Now compare those projected numbers to recent deaths described in the media. The “disturbing trend” we’ve heard so much about consists of 12 reported cases in 2019 (or maybe 17 in the past three years, depending how you count). Most of these have been attributed to heart attacks. Taken all together, these represent at most 3 percent of the total number of American tourists that would be expected to die while visiting the Dominican Republic in any given year and at most 6 percent of the total number of American tourists that would be expected to die from circulatory problems in particular.
What about the remarkable spate of six tourist deaths that have occurred since the end of May? Even that amounts to almost nothing. Based on the numbers above, one would guess that an average of 25 American travelers to the Dominican Republic will die, just from heart attacks and related issues, in each month. That average is likely to be higher still in June, which is near the high season for tourists. In other words, if the six most recent deaths reported in the news are surprising, it’s because they’re so few in number!
I will concede that by comparing the 12 well-publicized deaths from 2019, or the six deaths since late-May, against the total number of expected deaths, I’ve more or less ignored the fact that the cases in the news have been labeled “highly suspicious.” But I remain highly suspicious of the suspiciousness of these deaths. Yes, it’s weird that a couple passed away together in their room. The official explanation for their deaths—that one died from natural causes and the other died from shock at seeing it happen—is hardly satisfying. But the rest? They don’t seem that unusual at all.
Let’s assume, for the sake of argument, that I’m wrong, and that all these deaths are suspicious. Let’s pretend we know that each of the deaths reported in the media really did result from some bizarre, non-natural cause. If that were true, then we’d have tallied 12 such deaths of U.S. tourists in the Dominican Republic by the end of June, or 14 if you count the two who died in the car accident from March. That’s disturbing, sure, but it’s more or less in line with what we’ve seen in recent years. State Department records indicate that since 2003, an average of 20 U.S. citizens have died from non-natural causes every year in the DR.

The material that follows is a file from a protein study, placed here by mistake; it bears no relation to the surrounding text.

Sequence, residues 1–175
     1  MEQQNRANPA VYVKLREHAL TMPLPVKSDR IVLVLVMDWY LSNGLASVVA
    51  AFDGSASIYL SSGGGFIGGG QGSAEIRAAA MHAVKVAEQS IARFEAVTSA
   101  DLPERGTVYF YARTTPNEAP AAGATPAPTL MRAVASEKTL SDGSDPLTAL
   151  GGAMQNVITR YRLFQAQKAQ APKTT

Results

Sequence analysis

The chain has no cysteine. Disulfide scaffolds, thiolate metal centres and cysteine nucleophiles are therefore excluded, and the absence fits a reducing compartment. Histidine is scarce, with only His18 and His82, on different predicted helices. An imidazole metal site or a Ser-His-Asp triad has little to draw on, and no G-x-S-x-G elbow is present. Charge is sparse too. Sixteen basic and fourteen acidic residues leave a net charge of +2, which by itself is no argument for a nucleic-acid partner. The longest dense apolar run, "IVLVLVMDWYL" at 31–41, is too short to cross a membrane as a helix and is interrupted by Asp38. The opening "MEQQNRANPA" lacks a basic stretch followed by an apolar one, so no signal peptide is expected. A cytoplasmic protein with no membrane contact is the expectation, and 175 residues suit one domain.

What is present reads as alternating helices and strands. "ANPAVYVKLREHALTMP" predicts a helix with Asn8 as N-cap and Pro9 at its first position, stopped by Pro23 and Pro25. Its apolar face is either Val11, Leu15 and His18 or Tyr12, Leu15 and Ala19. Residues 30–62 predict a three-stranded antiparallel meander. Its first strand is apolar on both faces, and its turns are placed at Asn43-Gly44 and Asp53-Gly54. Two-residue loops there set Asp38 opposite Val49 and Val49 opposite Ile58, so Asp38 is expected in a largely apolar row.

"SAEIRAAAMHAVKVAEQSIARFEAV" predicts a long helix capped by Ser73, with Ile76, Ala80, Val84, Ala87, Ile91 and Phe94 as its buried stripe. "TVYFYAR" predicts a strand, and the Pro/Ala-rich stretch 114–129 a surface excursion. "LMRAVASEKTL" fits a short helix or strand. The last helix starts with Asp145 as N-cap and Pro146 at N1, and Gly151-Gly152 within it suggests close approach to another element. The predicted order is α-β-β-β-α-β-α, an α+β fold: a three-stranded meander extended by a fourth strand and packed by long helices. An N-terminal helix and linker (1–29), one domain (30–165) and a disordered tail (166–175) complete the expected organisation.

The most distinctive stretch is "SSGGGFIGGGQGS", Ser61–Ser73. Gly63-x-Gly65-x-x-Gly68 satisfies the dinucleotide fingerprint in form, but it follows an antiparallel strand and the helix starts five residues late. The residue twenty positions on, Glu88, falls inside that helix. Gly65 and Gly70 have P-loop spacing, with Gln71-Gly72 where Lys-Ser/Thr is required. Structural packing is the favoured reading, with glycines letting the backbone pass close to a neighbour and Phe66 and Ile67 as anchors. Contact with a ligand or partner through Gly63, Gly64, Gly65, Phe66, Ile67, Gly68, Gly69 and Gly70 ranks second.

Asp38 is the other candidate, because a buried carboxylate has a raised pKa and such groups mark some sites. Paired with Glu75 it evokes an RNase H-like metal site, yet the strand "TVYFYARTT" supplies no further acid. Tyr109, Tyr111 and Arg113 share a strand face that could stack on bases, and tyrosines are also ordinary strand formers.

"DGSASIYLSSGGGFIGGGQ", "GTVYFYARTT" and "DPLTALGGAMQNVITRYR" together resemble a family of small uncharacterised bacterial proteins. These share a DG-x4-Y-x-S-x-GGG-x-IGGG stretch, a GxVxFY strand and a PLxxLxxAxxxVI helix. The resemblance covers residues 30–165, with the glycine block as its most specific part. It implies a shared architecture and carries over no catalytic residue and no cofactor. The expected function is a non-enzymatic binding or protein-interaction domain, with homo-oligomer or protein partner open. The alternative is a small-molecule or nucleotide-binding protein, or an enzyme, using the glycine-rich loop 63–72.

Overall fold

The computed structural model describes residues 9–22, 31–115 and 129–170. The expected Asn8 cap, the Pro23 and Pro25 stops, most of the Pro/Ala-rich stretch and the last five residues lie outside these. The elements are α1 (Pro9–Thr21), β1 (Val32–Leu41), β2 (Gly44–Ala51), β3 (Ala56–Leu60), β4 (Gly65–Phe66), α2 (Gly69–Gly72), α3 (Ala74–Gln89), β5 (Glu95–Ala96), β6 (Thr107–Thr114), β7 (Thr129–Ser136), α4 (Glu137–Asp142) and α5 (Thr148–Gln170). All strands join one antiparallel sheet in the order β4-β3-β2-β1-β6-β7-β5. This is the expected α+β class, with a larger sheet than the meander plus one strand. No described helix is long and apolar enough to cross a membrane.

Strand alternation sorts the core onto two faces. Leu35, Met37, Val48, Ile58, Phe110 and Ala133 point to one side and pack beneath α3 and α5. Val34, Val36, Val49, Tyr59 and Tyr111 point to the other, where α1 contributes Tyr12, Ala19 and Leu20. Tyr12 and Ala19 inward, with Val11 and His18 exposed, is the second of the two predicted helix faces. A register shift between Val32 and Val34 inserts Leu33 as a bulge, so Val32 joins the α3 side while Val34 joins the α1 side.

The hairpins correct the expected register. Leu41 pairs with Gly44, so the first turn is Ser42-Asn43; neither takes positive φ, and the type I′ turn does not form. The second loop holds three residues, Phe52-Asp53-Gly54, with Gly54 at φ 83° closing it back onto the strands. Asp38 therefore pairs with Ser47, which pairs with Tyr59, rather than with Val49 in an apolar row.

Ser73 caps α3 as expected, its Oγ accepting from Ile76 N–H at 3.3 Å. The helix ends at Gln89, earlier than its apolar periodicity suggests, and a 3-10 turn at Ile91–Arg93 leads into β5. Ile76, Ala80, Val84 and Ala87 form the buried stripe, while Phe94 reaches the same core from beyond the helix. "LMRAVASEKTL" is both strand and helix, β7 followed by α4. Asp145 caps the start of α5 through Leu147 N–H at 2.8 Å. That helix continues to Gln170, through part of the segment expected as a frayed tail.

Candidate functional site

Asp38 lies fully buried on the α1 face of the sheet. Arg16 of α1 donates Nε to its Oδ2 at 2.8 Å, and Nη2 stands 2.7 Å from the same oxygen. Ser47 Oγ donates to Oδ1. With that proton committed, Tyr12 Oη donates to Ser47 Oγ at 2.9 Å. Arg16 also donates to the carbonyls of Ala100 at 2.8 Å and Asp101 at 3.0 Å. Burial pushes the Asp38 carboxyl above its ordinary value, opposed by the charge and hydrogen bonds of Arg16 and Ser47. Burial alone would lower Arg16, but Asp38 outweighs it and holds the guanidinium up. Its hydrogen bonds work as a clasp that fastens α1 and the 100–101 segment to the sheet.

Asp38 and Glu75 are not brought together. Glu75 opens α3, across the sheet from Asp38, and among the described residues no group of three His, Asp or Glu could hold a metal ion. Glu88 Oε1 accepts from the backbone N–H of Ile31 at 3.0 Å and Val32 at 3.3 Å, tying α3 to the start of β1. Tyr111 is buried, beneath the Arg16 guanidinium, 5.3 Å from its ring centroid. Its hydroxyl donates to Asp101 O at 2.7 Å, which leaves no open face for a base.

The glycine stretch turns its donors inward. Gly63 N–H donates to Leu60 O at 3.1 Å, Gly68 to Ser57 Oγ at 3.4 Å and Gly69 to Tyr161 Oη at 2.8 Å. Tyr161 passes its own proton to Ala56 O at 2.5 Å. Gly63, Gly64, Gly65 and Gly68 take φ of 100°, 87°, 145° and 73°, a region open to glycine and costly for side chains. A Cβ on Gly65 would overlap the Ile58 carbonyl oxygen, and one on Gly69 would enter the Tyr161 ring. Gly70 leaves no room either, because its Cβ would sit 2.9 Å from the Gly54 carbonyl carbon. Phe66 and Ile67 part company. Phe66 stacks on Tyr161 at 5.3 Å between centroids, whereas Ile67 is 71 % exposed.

I’m not the only one to notice that this panic has been manufactured out of nothing.
That point has been made at length—and with understandable frustration—by the Dominican authorities. (As much as 17 percent of the country’s economy has been threatened by this smoke-and-mirrors coverage.) But it’s far too late for them to make this crisis—or this “crisis”—go away. What started as a few reported anecdotes—tick-tocks of the victims’ final hours at their beach hotel—has turned into a full-blown media phenomenon. First there were the pieces on the tourists who had died, and then the tourists who had nearly died or gotten “sick enough to die,” and finally, the tourists who may (or may not) have gotten diarrhea. We’ve also had explosions of explainers and columns of advice for worried, would-be travelers and follow-ups on how this news is killing travel plans.
In the past few weeks, the panic over tourist deaths has even turned into a topic all its own, in isolated form, pulled apart from any details of the tourist deaths themselves. Savvy, second-order stories skip right past the people getting heart attacks to diagnose an “image problem” or an “image crisis.” Now experts can be called to ponder not the safety of U.S. travelers but “the perception of safety,” or to muse about “public relations dynamic” that is now in play. The story has begun to feed itself: We’re getting news about the news that wasn’t ever really news.
I don’t know how to stop the cycle now that it’s spiraled to this point. But if you want a cheap, and possibly less crowded, tropical destination this summer, I’d suggest the Dominican Republic.